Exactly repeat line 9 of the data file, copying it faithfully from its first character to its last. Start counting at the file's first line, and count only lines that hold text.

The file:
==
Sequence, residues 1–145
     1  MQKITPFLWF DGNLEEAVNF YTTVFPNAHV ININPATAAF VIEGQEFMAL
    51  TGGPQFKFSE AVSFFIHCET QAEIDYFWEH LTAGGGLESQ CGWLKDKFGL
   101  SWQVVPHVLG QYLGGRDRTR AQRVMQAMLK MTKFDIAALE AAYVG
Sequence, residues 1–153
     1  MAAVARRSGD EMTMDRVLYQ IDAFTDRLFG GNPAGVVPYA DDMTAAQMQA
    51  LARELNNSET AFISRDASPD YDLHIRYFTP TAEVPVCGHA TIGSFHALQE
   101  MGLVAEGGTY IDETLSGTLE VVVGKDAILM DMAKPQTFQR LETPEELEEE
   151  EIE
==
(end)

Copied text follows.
   151  EIE